private sources. Some societies even gave this as a reason for even refusing to join CWS. In September 1886, the views of Mr Brindle of the Brighouse Industrial Society reported in the Co-operative News were representative of the outlook of many co-operative society managers and buyers: “He believed they were better looked after in the open market, and he also believed that they would always find a market open to them in which they could obtain goods to supply their wants.” Research on the later twentieth century suggests that this uncomfortable undercurrent of conflict between CWS and co-operative societies was a constant in the movement’s history. By this time, the amalgamations of many local societies to form substantial regional societies seems to have made the relationship, if anything, even more difficult. Society mergers created regional giants with formidable assets and market share. Many regional societies felt that their increased size meant even greater independence from CWS. In fact, increasing competition between co-operative societies only exacerbated the overall movement’s deepening commercial difficulties. The fraught relationship was complicated further in 1973, when financial difficulties at the Scottish Wholesale led to merger, giving the CWS its first substantial retail operations and its first individual members. The remaining decades of the 20th century were marked by intensifying competition in UK food retailing, dominated by a few large grocery firms, and global changes in manufacturing and distribution. From the 1970s onward, co-operatives lost market share and faced increasing financial difficulties that led many retail societies to merge — many with the CWS. In this environment, the CWS moved away from manufacturing and emerged as a major retailer. With mergers also came an influx of individual members, and during the 1980s and 1990s new regional committee structures evolved. Finally, the CWS and independent societies began to pool their buying power through the Co-operative Retail Trading Group (CRTG). Thus, by 2002 the idea of many early CWS leaders — a sole supplier for co-operative goods — had at last come to pass. Partly by necessity (mergers) and partly by design (reorganisations), in the 1990s and 2000s the CWS/Group emerged as an effective leader and centre of power within the co-operative commercial empire.

The CWs, The Co-oPeraTive Bank and Co-oPeraTive ProduCTion.
Almost from the outset, the CWS saw itself not only as the key supplier for English and Welsh co-operative societies, but also as a major promoter of co-operative production. In the 1870s, the CWS Banking Department funded producer co-operative textile mills, coalmines, boot and shoe manufacturers and flour mills. As heavy losses were incurred in many of these investments, this led in the 1880s and after to friction between those who had become sceptical about producer co-operatives (mainly from among the consumer co-operative societies who formed the majority of the shareholders in CWS) and those who saw the rise of a strong producer co-operative sector as central to the movement’s historic mission. The sceptics tended to get the better of this debate, opening a serious political division over producer co-operation which was only reconciled partly in the 1960s and 1970s. The reasons for this split, and its long-term consequences, will form an important area of debate in the book. In fact, the CWS Bank (later the Co-operative Bank), formed in 1872, continued to provide financial support in the form of overdraft facilities and loans for producer co-operatives, sometimes provoking criticisms from the sceptical faction, and even occasional attempts to curb the Bank’s activities. The role of the Bank is an especially important area for further research, because from the outset it played an important role in cementing the often difficult relationship between the CWS and its member societies, providing overdrafts and loans which were essential for the smaller societies. Towards the end of the twentieth century, after it had moved into mainstream banking, it came to play a leading role in strengthening the modern co-operative movement’s credentials for ethical commerce; and following the reorganisations of the 1990s and 2000s, it emerged as a significant force in its own right in British finance.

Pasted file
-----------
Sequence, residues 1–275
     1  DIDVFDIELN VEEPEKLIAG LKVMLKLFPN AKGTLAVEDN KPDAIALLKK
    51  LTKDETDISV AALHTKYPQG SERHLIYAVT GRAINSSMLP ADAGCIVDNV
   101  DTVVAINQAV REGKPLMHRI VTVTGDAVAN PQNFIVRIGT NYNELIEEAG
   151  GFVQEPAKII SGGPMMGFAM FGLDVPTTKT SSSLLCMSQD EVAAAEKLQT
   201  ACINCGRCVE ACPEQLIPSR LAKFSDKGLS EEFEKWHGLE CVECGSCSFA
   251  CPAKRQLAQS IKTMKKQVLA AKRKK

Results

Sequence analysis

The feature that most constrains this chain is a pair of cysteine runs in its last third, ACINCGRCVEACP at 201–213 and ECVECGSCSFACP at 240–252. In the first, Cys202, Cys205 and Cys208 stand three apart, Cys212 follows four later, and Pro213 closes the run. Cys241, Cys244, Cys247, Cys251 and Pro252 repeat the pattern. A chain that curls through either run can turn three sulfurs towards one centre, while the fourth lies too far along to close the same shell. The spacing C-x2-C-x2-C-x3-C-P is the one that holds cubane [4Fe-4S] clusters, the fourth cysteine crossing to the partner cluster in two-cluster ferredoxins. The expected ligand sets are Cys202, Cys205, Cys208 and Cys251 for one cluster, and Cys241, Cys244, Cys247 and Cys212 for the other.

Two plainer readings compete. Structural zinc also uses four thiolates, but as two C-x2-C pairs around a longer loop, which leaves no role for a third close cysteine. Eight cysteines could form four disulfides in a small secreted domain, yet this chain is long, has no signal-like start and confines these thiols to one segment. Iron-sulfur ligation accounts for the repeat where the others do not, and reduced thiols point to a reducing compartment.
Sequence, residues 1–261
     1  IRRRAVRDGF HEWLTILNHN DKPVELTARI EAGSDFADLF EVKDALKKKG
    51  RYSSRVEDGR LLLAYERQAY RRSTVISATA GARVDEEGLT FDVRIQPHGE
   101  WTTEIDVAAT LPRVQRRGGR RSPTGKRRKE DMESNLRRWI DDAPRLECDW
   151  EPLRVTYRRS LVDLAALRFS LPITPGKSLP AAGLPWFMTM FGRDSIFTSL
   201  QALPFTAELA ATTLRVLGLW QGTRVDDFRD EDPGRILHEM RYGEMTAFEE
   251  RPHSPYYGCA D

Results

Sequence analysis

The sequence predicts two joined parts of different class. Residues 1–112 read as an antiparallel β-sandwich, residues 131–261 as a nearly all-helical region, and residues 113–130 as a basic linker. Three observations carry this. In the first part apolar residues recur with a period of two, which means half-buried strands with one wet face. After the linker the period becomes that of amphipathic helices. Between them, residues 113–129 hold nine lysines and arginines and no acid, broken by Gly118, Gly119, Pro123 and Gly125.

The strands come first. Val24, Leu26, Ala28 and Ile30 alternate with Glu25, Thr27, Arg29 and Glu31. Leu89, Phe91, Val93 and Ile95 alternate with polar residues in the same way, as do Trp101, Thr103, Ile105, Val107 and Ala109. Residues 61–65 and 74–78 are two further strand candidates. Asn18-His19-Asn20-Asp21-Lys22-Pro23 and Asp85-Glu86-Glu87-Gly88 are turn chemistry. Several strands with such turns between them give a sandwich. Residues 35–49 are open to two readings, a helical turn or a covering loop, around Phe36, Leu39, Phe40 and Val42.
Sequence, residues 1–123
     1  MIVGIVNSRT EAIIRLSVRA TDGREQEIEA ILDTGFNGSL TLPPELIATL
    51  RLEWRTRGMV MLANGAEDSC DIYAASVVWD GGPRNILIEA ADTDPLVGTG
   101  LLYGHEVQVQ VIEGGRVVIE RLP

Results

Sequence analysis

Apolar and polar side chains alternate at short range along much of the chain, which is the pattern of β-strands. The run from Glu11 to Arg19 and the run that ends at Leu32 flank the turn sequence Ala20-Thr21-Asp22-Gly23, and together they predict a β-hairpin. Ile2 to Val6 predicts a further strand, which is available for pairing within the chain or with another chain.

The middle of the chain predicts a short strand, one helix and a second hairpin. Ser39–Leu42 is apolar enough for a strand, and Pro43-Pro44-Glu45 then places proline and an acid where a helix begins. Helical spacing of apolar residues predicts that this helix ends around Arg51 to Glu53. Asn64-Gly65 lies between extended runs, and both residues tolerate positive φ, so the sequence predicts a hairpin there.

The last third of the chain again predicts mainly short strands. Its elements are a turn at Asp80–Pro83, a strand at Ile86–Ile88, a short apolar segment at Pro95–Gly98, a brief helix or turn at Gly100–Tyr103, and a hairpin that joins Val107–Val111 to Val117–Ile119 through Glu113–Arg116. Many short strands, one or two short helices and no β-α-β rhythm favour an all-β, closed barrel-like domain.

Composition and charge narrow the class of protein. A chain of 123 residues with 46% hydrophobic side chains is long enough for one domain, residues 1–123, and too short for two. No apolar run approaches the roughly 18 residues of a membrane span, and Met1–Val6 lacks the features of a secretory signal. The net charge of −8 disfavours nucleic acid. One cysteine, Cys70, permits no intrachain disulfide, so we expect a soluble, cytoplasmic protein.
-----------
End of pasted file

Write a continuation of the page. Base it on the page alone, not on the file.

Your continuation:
fall and rise sinCe The 1940s.
When writing about the recent spate of reorganisations, it is vital to stress that these emerged in response to what by the 1990s was a crisis in CWS’s fortunes. Indeed, by that time only profits from the Co-operative Bank were keeping CWS in the black, while the CRS consistently reported losses and embarked on a severe rationalisation programme. The principal reasons behind this trend were a significant decline in market share and continued internal friction over strategy and structure. By the late-1990s, co-operatives could only claim 4% of the grocery market, compared to 20% in 1970, while its shops were regarded as drab and resonant of an earlier age, especially compared to the retail ‘palaces’ being built all over the country by the likes of Tesco, Sainsbury’s, Morrisons and Asda. These large multiples